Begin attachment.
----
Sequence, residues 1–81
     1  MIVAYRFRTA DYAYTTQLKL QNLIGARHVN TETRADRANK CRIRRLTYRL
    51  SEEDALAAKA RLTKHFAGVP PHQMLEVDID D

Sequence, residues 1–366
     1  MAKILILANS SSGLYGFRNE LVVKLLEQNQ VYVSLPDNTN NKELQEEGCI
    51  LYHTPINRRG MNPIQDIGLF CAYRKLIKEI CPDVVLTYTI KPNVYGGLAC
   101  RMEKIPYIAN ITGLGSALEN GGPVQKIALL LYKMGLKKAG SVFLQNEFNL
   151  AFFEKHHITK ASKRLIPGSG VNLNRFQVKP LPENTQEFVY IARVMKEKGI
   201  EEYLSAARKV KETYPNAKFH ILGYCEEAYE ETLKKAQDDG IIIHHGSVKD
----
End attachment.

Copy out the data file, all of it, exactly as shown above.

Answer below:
Sequence, residues 1–81
     1  MIVAYRFRTA DYAYTTQLKL QNLIGARHVN TETRADRANK CRIRRLTYRL
    51  SEEDALAAKA RLTKHFAGVP PHQMLEVDID D

Sequence, residues 1–366
     1  MAKILILANS SSGLYGFRNE LVVKLLEQNQ VYVSLPDNTN NKELQEEGCI
    51  LYHTPINRRG MNPIQDIGLF CAYRKLIKEI CPDVVLTYTI KPNVYGGLAC
   101  RMEKIPYIAN ITGLGSALEN GGPVQKIALL LYKMGLKKAG SVFLQNEFNL
   151  AFFEKHHITK ASKRLIPGSG VNLNRFQVKP LPENTQEFVY IARVMKEKGI
   201  EEYLSAARKV KETYPNAKFH ILGYCEEAYE ETLKKAQDDG IIIHHGSVKD